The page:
The quarrying business produces rocks and gravel fit for the needs of the construction industry. Minerals are mined and put through a process plant, where it’s judged by type and quality.

Typically, the quarrying process involves finding a suitable site, filling in the paperwork, and creating a suitable work environment for both the workers and the transport routes. The materials from the sites are then processed and separated by batches before they are sent off to their intended destinations. The construction industry is dependent on quarrying for the materials that they need for both commercial structures and quality of life projects, like houses and infrastructure. 

 

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A quarry in Mindanao.

Quarrying, however, is different from mining in more ways than one. The main difference between the two is that quarrying refers to open excavation. This usually involves minerals that can be found on the outer layer, such as aggregates and building stones. 

Mining takes place inside man-made caves and pits. Its goal is to look for ores and metals, as well as other precious minerals such as iron and gold. Both contribute to the construction sector in considerable ways, but the objectives and methods of each vastly differ from one another.

While quarrying comes with benefits, it also has its drawbacks you need to know if pursuing it as a career or business.

 

Advantages

Quarrying provides materials the construction world needs for its projects. In fact, there’s a global demand for it. The business creates jobs and provides economic opportunities. It also requires the use of both skilled and unskilled labor, making it a good move for those seeking work in the construction industry.

 

Disadvantages

Much like mining, the quarrying business can have negative impacts on the environment. It affects the natural beauty of the region and changes the status quo for both people and animals living near. Habitats are lost, and lives are drastically affected by the air and noise pollution worksites can create. Flooding and landslides are also prevalent in places located close to quarrying operations.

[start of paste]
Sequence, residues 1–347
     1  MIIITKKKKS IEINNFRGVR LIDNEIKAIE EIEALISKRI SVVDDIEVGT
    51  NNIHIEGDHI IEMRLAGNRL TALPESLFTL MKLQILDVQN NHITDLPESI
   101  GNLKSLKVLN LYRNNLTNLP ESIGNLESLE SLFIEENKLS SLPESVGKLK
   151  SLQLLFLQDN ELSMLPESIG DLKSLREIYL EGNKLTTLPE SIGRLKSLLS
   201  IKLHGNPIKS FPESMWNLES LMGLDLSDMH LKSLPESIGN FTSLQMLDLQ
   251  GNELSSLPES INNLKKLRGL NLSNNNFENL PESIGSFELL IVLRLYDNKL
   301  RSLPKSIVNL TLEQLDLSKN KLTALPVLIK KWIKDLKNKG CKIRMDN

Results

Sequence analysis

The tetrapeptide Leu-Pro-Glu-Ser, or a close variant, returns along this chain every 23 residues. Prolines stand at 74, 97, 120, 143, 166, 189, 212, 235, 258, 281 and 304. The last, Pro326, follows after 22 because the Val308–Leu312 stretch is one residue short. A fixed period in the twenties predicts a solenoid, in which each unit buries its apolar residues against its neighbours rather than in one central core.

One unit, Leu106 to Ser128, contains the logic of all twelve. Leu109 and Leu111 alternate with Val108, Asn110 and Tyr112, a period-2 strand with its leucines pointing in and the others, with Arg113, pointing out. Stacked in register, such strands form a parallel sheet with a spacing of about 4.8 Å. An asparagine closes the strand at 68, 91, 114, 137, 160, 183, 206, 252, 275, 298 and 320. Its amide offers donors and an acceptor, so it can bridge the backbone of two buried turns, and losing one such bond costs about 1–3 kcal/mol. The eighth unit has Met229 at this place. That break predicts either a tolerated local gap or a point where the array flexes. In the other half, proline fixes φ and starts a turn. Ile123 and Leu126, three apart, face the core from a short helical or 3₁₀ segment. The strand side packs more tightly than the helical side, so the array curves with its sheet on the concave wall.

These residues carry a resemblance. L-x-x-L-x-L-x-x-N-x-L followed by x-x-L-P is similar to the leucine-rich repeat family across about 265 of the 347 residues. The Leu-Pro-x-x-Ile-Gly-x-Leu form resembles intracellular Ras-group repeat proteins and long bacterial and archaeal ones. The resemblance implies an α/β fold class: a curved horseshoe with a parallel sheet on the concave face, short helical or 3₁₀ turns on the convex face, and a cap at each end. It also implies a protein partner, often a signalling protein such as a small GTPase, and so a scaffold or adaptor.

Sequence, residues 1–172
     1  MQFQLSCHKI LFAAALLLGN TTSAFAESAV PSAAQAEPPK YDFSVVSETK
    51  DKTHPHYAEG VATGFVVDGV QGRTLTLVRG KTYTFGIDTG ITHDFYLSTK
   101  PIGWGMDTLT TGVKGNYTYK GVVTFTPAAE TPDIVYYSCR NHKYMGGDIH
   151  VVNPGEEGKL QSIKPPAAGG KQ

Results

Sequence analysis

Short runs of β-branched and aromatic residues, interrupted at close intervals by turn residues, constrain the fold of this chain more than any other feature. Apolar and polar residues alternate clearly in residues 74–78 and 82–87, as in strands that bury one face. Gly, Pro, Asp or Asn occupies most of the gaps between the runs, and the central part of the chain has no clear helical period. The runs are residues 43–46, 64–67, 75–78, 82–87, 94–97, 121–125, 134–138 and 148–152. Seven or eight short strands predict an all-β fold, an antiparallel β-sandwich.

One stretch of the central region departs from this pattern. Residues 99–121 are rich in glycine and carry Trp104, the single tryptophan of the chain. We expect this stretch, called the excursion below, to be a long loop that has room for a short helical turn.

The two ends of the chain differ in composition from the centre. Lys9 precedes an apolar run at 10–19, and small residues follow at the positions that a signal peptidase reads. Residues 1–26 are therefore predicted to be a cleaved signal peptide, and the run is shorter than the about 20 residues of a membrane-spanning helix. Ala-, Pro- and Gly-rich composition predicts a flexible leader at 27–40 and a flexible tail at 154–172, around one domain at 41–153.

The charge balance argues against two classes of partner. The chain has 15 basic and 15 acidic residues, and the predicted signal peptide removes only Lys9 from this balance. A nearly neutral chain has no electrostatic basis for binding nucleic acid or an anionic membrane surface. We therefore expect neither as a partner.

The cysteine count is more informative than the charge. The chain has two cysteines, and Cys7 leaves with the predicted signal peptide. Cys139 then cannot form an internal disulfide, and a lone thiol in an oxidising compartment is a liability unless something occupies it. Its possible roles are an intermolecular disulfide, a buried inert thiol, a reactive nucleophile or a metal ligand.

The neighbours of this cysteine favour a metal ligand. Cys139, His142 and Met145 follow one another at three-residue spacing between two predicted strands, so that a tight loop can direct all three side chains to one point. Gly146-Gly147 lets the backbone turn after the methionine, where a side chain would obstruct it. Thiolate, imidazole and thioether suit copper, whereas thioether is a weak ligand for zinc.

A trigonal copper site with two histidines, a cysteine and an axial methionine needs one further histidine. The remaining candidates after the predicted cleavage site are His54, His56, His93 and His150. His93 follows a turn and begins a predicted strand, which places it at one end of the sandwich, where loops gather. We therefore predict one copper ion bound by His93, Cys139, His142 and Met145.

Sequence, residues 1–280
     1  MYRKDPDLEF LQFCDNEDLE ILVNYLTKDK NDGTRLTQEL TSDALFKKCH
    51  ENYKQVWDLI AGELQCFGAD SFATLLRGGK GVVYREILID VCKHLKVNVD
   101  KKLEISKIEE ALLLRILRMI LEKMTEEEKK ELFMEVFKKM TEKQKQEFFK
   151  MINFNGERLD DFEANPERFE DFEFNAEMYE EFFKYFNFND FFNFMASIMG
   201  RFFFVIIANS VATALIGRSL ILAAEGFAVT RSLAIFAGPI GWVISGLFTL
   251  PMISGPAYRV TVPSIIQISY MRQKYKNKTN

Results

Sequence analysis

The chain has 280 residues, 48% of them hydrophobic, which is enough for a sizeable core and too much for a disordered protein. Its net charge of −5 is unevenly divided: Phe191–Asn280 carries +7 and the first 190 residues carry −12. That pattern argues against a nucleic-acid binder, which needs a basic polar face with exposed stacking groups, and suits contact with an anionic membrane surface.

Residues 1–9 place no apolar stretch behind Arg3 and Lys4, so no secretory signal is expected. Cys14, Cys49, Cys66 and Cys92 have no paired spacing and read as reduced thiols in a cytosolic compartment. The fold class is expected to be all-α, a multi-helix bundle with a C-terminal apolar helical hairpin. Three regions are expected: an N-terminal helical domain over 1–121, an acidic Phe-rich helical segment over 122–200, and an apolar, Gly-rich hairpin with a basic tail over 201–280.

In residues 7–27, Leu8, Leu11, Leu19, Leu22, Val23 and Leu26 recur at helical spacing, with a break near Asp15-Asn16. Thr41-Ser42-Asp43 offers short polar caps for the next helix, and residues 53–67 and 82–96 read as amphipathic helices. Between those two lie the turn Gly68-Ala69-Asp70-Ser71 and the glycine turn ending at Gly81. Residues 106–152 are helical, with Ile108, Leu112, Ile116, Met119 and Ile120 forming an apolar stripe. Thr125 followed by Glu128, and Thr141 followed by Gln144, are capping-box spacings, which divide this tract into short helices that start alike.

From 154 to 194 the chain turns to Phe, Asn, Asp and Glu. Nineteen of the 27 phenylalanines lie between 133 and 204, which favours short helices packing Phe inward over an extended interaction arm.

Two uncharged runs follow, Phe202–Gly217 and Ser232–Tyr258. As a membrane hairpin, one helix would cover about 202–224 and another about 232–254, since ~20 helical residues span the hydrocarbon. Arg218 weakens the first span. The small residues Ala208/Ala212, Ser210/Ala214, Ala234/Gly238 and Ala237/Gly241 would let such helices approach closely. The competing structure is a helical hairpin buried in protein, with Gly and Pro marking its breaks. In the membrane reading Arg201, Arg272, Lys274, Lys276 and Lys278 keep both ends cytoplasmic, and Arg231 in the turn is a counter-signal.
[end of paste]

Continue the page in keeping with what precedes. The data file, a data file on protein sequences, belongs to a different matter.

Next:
Quarrying also brings with it passive factors that directly contribute to traffic congestion and road damage around the area. The vibrations from the construction equipment also aid in weakening the structures close to the pits.

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Landslides are common in areas that are near quarrying operations.

It is undeniable that quarrying is a necessity in the industry, but it has long been stigmatized because of tragedies caused by illegal quarrying operations. Recently, local authorities in the country have sought to crack down on such operations that have resulted in mudslide deaths during Typhoon ‘Ulysses’ in November 2020. 

Meanwhile, legitimate firms are doing their best to follow strict protocols and safety procedures to avoid such circumstances. These and many other companies have sought to reduce or control the dire effects of the job through varying means such as:

  • Using controlled rock blasting to prevent excess vibrations and noise pollution.

  • Putting up more visible safety fences for workers and civilians.

  • Reducing the dust produced by minimizing watering at the crushing site.

Some firms have also sought to minimize the environmental impact of quarrying by replacing the lost vegetation whenever possible, to mixed results. Actively trying to reduce the negative impact is better than doing nothing about it.   

Despite the downsides, quarrying is vital to our everyday lives because of how it affects progress and infrastructure in the long run. It is responsible for supporting not just business sectors but also the people working in them. Quarrying, when done right by legitimate firms, can be productive and safe in its own right. The men and women involved should have proper training regardless of the work they’re assigned to. It does not only improve health and safety measures, but also helps them understand how the system works and how it affects the progress of the world.

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